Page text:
For example, several specialists are authorized to diagnose a child with autism. I recommend you talk with your child’s pediatrician about which specialist is most appropriate for your child. Most importantly, keep in mind that the usual age for an autism diagnosis is two years old. Most healthcare professionals do not diagnose a child with autism until they are two years old or older because they believe the results will be more accurate.

However, if you suspect your child has autism before their second birthday, discuss your concerns with your pediatrician so you have a specialist lined up when your child turns two years old. Most specialists have long waitlists. Appointments typically last 2 hours or more, and there needs to be more doctors to keep up with the demand. As a result, it is not uncommon for waitlists to be six months or longer!

Specialists Who Diagnose Autism for Children

  1. Developmental Pediatrician:  Developmental pediatricians have extensive experience assessing developmental disorders, including autism. Be prepared to provide detailed information about your child’s behavior, milestones, and family history. The developmental pediatrician conducts a comprehensive evaluation, possibly including standardized assessments and observations.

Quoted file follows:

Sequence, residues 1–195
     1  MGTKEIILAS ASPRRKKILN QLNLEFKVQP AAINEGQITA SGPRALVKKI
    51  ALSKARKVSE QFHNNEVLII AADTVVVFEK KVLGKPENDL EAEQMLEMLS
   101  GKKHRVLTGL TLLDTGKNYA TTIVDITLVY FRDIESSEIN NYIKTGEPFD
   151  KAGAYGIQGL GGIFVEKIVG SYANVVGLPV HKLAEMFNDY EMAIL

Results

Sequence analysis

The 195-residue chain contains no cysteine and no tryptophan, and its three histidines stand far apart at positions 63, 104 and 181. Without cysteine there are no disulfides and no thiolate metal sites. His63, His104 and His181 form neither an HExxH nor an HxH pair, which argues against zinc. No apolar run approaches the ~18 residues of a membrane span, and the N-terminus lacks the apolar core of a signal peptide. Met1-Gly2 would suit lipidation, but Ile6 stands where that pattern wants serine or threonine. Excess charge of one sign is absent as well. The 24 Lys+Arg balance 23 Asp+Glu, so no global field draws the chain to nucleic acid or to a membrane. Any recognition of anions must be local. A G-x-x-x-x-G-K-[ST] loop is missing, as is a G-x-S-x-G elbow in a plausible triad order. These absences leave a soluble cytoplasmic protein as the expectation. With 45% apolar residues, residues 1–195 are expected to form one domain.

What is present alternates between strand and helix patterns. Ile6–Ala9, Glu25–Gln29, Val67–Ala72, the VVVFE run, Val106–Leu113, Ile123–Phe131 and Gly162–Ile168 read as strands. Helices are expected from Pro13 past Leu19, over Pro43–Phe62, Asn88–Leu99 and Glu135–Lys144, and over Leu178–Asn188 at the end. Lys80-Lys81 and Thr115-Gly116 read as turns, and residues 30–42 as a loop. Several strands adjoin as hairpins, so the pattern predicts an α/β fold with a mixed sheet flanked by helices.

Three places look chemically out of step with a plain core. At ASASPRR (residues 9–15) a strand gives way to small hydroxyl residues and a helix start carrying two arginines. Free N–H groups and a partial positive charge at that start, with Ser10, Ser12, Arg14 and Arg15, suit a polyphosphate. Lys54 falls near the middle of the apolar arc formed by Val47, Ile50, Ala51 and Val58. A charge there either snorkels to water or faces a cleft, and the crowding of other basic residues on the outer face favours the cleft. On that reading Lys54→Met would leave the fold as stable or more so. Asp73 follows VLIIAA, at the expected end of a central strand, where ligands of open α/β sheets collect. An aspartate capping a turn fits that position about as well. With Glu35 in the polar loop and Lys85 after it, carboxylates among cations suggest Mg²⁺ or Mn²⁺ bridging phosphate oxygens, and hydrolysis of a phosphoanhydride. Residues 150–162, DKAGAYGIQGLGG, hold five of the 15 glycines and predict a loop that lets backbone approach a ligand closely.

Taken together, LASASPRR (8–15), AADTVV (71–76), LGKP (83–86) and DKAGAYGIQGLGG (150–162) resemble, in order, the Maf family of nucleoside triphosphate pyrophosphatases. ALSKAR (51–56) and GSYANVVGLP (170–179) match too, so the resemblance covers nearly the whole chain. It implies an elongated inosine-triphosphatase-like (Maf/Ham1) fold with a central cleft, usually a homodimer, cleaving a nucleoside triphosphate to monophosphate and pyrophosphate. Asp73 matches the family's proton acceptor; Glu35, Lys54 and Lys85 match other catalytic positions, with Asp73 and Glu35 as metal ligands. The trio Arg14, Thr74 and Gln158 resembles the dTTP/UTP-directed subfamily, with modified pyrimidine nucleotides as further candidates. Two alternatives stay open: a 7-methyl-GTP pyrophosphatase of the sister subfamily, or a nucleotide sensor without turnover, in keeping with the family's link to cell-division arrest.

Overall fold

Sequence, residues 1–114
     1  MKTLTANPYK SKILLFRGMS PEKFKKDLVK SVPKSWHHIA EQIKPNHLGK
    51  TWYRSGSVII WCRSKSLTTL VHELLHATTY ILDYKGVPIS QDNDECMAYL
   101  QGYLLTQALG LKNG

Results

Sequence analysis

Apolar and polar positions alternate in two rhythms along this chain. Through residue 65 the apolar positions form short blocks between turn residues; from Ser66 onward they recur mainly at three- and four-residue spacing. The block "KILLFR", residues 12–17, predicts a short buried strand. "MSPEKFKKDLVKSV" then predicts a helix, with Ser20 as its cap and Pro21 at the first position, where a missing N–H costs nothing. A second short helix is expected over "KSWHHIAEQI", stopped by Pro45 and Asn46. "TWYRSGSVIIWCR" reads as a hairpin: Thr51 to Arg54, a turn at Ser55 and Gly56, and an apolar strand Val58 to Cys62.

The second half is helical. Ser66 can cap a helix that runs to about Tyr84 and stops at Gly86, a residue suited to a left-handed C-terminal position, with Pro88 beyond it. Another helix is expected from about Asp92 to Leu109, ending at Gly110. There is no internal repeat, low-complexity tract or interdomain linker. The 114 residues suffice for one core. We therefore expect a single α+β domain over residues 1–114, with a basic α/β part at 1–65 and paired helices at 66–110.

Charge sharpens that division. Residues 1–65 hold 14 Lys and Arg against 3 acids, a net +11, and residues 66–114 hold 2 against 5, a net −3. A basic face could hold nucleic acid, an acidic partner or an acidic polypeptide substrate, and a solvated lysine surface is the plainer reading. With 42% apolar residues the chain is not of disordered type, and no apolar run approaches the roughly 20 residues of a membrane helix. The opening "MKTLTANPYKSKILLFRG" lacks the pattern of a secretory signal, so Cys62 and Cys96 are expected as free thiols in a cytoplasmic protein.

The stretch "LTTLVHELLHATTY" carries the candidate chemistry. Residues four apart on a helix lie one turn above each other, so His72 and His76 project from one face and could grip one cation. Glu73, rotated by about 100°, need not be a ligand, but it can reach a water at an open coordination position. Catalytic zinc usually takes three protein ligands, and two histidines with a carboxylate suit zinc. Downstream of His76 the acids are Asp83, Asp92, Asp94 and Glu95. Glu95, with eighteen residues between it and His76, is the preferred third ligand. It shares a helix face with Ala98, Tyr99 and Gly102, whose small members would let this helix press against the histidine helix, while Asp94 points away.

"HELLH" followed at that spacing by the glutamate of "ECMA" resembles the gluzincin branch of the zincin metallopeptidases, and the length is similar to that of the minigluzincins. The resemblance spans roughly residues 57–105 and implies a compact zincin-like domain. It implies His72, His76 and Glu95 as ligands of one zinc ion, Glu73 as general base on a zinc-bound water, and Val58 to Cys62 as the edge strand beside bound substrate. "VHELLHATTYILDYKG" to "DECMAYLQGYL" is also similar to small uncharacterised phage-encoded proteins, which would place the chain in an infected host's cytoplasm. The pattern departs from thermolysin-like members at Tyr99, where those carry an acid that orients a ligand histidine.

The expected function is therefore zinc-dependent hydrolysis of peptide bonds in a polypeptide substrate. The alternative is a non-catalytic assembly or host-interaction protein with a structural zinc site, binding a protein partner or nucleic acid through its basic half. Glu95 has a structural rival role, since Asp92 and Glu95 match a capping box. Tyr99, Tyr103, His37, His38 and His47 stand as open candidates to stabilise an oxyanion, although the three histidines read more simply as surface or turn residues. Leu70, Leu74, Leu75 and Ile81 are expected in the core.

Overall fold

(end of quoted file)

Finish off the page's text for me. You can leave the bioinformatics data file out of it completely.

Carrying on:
2. Child Psychiatrist: A child psychiatrist assesses your child’s cognitive and behavioral development. They often use standardized tests, questionnaires, and clinical interviews to gather information. These professionals focus on understanding your child’s emotional and psychological well-being, which is crucial for an accurate diagnosis of autism.
  3. Neuropsychologist:  Neuropsychologists specialize in understanding the relationship between brain function and behavior. They conduct in-depth cognitive assessments to evaluate various cognitive domains such as memory, attention, problem-solving, and executive functions. This assessment provides a comprehensive picture of your child’s cognitive strengths and weaknesses, aiding in autism diagnosis.
  4. Neurologist: While not all neurologists specialize in autism, they can help rule out other neurological conditions with similar symptoms. A neurologist’s assessment can contribute to a more accurate diagnosis by eliminating other potential causes.

Less Common Ways To Diagnose Autism